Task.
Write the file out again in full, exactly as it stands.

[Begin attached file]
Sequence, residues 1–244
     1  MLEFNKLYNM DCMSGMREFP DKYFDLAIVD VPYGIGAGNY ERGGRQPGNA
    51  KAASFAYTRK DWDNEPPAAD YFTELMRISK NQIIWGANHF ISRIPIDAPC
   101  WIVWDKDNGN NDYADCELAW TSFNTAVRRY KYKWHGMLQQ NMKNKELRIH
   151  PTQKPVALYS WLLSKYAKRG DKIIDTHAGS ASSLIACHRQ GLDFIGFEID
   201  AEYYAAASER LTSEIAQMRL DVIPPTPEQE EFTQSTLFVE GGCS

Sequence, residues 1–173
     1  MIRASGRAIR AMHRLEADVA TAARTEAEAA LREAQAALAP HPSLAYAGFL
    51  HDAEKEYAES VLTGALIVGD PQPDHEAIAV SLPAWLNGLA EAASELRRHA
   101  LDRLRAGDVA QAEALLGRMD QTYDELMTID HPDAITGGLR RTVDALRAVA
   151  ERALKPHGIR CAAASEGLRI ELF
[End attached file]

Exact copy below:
Sequence, residues 1–244
     1  MLEFNKLYNM DCMSGMREFP DKYFDLAIVD VPYGIGAGNY ERGGRQPGNA
    51  KAASFAYTRK DWDNEPPAAD YFTELMRISK NQIIWGANHF ISRIPIDAPC
   101  WIVWDKDNGN NDYADCELAW TSFNTAVRRY KYKWHGMLQQ NMKNKELRIH
   151  PTQKPVALYS WLLSKYAKRG DKIIDTHAGS ASSLIACHRQ GLDFIGFEID
   201  AEYYAAASER LTSEIAQMRL DVIPPTPEQE EFTQSTLFVE GGCS

Sequence, residues 1–173
     1  MIRASGRAIR AMHRLEADVA TAARTEAEAA LREAQAALAP HPSLAYAGFL
    51  HDAEKEYAES VLTGALIVGD PQPDHEAIAV SLPAWLNGLA EAASELRRHA
   101  LDRLRAGDVA QAEALLGRMD QTYDELMTID HPDAITGGLR RTVDALRAVA
   151  ERALKPHGIR CAAASEGLRI ELF